At Kraft Werks we often get asked why is “craft beer” so strong in alcohol compared to so called “traditional ales”. I think we have all seen so called traditional ales such as bitters, golden beers and milds now tend to be around 3.8% these days well this wasn't always the case. Beer strengths in the UK were much higher traditionally prior to the 1970's, things started to change slowly from the 1930's through to the 1970's with increased taxation on beer alcohol levels, homogenization and mass production.
Having taken a look at the fascinating beer blog Barclay Perkins, we've seen that traditional XX & KKK beers were the very popular with British drinkers and these beers were often 8, 9, 10% or even stronger.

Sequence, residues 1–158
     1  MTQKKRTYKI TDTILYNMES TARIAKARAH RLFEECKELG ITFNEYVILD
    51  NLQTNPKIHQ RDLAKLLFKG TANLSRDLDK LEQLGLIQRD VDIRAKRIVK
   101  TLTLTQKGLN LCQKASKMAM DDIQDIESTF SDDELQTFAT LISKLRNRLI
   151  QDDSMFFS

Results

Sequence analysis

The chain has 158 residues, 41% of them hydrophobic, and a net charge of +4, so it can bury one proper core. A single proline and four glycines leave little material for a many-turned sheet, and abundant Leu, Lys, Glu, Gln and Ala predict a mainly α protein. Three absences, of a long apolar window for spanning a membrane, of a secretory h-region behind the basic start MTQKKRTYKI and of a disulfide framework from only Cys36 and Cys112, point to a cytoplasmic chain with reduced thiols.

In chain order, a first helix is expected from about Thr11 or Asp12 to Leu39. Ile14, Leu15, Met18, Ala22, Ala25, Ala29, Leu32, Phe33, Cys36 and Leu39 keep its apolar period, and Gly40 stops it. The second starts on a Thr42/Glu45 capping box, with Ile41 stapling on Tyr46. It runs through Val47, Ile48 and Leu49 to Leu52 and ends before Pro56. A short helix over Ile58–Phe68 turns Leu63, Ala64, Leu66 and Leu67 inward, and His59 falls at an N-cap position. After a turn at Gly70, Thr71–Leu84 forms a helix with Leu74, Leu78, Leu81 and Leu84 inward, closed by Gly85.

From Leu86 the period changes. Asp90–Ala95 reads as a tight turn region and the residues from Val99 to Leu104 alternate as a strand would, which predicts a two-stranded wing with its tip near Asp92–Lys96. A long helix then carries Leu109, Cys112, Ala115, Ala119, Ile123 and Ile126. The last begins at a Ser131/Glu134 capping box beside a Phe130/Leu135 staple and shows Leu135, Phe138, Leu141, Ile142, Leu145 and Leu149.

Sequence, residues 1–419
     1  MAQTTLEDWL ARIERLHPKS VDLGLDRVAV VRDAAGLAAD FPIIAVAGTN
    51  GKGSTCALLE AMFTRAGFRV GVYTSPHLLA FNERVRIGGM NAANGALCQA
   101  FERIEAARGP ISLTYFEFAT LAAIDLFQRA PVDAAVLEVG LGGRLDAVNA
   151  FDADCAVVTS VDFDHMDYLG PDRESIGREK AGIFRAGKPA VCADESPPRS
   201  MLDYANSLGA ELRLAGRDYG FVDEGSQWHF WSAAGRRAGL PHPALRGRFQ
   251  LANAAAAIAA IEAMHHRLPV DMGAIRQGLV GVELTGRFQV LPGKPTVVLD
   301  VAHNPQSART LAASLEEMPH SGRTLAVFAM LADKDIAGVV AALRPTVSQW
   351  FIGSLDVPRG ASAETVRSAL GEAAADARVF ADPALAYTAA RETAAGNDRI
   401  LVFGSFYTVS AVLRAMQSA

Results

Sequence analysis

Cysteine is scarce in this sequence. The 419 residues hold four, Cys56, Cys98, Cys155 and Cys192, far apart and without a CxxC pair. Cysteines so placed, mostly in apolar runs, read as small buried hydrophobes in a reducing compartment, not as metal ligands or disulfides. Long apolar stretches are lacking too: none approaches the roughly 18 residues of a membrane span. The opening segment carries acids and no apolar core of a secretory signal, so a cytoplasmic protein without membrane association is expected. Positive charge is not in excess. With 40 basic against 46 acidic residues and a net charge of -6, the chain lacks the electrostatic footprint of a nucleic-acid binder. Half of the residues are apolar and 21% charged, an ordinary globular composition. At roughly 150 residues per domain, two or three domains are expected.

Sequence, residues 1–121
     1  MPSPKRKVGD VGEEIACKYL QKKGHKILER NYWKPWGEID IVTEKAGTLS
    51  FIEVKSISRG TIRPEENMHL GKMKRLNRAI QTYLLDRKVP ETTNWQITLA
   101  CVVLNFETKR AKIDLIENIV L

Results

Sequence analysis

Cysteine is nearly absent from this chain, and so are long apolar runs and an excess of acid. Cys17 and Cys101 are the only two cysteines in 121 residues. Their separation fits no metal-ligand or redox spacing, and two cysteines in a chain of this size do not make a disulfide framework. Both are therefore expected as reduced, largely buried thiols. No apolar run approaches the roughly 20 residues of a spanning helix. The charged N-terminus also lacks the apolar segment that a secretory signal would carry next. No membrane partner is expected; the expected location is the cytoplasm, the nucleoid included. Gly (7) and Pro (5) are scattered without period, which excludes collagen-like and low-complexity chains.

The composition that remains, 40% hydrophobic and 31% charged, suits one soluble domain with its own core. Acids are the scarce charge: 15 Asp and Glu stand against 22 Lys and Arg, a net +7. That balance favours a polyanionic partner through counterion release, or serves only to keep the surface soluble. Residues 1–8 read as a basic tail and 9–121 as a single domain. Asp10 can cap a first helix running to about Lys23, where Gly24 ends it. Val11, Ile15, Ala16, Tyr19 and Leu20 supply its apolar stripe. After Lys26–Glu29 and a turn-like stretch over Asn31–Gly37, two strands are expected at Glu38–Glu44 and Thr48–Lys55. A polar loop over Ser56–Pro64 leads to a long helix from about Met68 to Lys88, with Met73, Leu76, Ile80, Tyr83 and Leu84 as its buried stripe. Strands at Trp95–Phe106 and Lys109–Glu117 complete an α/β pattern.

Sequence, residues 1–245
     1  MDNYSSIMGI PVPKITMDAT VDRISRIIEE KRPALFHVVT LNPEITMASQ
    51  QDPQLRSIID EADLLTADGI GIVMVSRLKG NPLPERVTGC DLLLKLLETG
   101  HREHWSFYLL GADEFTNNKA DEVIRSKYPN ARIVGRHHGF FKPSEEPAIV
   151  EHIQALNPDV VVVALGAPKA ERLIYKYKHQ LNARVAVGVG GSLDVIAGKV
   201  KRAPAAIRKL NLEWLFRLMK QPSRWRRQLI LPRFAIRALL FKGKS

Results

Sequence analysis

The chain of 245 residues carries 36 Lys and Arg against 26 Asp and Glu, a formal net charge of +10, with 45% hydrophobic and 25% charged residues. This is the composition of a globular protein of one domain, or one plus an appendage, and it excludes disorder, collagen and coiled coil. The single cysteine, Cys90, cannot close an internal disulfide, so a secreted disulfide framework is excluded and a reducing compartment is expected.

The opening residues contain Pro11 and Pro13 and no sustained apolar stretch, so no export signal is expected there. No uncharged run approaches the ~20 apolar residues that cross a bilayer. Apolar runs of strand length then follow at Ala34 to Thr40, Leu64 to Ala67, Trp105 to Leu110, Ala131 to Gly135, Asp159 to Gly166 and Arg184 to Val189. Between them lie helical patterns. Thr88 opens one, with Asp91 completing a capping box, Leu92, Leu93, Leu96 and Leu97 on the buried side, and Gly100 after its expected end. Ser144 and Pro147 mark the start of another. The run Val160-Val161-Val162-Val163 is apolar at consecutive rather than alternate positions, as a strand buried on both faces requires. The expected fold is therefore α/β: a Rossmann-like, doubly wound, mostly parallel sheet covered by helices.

As one well beer-informed customer told recently me the Victorians would have given 3.5% to their children at the dinner table. Also, prior to the 1960's, we would have been drinking beer more commonly in half’s rather than pints (probably a refection of those higher ABVs and changing tastes) with pints of beer being requested and not given as a standard in pubs. Another interesting fact is a lot of British beers historically were barrel aged for up to a year before serving in pubs and prior to WW1 beers were often blended in the pub for the customer (interesting as we now associate blended beers purely with the Belgium brewers). So the next time you're in Kraft Werks and you see a 9% Barrel Aged Imperial Stout Beer on draught, when it's served in a half pint, remember that’s a true “traditional” ale. A fact overlooked is that craft beer really can often be a more genuine representation of the historical British beers.